The lockdown caused by the pandemic had me spend a lot more time in nature. One of the tings you could do, instead of going out to lunch at a cafe or meet with people in groups, was taking the binoculars and go watch some birds. I have always been a Birdie but the virus has made me take the watching part more seriously and dial the number of trips and the equipment up til 100. I bought a camera and a lens and started taking pictures. It has been fun and exciting beyond anything I can describe to the point where I just wanna skip work every time the weather is nice and go out to photograph birds.
lets just say that being a wild life photographer is a very steep learning curve for me. I know nothing of photographing and less about how to operate the camera. But its been great to dive into something and be a total rookie and learn something new and exciting from every trip.
I have a favourite area 15 minutes on a bike from my apartment. I often go out there to shoot smaller birds and seashore birds since you can usually get really close to them.
I quickly found out that you need to take the shot from the same hight the bird are in so that if its in a small bush, you sit down and shoot from a kneeling position, and if its a bird walking in the shallows, you gotta lay in the water edge as well the lens almost resting on the surface of the water.
When I started photographing this way I noticed how my images started looking like my paintings.
And I think it has to do with what I aim at in my illustrations.
I have always had an idea that my images was windows into the fantasy world. Looking classes like a kaleidoscope that lets you get a peek into this world that doesn’t exist.
In portraying monsters or fantastic creatures I try to imagine that I am a nature program comentator that has sneaked up til the clearing and am now describing how I see the creature in its real habitat. I wanna paint as if it was an image caught by a real camera in fantasy land. So I gotta make it look like my painting was taken by a camera lens. Or at least mimic how the eye work in looking at things, to get that sense of perception of being in the moment.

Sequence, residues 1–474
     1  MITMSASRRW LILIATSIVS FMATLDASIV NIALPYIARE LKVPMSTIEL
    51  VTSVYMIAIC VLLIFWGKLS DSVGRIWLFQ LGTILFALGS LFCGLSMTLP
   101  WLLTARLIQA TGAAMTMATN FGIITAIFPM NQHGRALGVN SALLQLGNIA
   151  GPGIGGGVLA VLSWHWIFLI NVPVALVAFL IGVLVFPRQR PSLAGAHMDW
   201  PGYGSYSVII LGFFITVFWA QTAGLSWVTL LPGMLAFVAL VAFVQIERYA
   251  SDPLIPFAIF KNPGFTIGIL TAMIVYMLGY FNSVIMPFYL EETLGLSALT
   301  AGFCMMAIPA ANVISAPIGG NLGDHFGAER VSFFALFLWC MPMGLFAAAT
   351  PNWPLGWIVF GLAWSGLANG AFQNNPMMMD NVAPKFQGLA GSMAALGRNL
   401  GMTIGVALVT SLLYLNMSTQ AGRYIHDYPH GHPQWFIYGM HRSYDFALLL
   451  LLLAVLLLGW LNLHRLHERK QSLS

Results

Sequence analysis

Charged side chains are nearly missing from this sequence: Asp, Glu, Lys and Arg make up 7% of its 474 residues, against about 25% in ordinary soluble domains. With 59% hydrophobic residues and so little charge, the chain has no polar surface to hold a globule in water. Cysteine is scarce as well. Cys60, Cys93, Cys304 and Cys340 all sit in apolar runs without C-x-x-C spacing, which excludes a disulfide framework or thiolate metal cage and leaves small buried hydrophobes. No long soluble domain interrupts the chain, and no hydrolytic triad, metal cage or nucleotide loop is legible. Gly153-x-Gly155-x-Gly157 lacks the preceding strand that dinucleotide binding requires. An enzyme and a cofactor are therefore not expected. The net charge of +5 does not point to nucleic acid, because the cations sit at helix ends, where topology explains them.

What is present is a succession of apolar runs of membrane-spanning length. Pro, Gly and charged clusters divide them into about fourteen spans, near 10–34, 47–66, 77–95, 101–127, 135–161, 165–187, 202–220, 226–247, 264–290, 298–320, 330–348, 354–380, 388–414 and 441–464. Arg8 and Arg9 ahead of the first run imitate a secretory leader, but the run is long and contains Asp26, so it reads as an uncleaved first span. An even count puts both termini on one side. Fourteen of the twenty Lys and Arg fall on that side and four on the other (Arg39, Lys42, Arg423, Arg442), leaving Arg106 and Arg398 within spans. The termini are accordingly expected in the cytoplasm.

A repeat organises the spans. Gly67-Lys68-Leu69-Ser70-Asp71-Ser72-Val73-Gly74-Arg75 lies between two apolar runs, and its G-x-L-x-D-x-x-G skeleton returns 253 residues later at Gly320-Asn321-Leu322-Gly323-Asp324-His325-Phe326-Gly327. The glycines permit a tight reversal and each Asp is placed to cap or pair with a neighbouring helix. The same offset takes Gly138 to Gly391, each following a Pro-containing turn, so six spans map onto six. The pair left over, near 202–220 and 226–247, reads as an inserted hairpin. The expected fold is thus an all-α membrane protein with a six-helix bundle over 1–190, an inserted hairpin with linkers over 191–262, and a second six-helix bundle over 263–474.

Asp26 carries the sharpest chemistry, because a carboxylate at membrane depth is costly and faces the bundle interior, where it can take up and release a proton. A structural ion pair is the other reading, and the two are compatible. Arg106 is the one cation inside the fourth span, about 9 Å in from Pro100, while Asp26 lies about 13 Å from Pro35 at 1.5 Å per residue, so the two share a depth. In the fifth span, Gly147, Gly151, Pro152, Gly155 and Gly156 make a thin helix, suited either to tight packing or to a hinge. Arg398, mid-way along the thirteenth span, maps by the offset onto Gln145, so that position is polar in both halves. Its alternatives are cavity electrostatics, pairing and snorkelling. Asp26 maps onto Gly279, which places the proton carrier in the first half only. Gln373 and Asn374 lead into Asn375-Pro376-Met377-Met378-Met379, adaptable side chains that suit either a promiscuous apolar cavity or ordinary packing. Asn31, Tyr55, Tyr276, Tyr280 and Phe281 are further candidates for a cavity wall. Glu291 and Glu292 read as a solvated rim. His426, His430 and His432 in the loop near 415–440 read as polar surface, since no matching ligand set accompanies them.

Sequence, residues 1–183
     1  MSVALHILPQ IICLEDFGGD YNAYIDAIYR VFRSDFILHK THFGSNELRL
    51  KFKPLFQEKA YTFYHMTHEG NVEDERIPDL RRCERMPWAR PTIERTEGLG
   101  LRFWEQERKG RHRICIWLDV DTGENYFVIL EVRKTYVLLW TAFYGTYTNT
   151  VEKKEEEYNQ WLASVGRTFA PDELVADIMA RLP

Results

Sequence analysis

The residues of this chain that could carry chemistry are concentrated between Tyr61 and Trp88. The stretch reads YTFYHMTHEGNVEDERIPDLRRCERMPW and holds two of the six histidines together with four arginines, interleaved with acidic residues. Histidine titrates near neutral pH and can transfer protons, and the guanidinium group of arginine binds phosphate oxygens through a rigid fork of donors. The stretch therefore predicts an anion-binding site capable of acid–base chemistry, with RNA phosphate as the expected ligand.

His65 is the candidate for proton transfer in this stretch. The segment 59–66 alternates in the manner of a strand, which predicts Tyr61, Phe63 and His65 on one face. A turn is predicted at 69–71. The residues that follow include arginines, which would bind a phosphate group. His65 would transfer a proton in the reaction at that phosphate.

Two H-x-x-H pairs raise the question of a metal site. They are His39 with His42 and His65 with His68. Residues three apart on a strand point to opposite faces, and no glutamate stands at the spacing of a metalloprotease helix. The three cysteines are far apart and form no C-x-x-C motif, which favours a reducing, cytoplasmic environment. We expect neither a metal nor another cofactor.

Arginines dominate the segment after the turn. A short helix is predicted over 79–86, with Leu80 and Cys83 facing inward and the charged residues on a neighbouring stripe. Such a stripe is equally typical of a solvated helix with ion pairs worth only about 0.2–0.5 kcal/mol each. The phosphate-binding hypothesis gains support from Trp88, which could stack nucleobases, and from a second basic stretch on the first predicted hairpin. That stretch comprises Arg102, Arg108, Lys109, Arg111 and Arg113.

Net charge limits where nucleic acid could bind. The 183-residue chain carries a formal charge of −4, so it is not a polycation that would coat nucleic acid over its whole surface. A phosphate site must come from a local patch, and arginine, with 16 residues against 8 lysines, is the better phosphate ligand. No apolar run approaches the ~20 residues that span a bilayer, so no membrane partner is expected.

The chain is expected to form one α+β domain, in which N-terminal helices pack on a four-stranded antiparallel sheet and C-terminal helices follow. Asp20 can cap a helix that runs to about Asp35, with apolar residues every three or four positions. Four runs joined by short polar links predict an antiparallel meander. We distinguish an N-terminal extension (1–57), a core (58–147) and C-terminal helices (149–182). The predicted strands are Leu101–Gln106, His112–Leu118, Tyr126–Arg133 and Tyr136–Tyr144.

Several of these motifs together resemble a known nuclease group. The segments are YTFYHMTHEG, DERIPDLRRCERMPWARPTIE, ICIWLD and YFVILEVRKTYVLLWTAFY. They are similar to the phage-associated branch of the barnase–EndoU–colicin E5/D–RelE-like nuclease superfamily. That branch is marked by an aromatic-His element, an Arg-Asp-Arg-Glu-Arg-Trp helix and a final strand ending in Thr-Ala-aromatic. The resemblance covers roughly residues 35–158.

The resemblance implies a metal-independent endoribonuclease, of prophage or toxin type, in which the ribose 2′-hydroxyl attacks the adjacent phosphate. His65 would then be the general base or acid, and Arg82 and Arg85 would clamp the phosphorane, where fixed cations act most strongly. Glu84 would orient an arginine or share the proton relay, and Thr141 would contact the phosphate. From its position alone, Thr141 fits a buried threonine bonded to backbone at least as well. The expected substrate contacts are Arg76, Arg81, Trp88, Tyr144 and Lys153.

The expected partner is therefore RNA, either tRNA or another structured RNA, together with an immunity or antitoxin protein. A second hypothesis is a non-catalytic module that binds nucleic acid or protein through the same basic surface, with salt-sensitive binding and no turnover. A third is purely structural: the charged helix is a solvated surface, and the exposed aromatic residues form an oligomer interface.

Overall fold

When you focus on the head of a bird the lens makes everything close and everything further in the hesitant blurry. The lower the Fstop the smaller area is in focus. Same with the human eye. When we look at a certain thing, the rest gets out of focus. So if I fine render everything in my painting to the same level of detail, I ruin the effect of centred focus. But if I concentrate my effort around the most important area and let the rest glide out of focus i get the same effect that a camera has, and I automatically create a center of interest, a focal point; I direct the spectators eye to what’s important. It all comes down to showing whats important in your picture. And in focusing in on that you need to remove, or blur out, a great deal of whats less important. Now I just wish I could take my new sony camera to Mordor and take some in-field-snapshots of Orcs and Nazguls…
I’ve been enjoying bird watching for quite a few years now. I’m not as great at remembering all the names and such, but the watching aspect is addictive, especially when doing it through a high end pair of binoculars or a great camera. I’ve only done a bit of bird photography, but my lenses are not really the best for that style of photography.
Anyway, great read, and I really enjoy your art.
Amazing photographs. I take pictures of birds myself and wish I had a place just 15 minutes away to get some. Yours are great. I love the window they have opened for you and the fantasy art it inspired.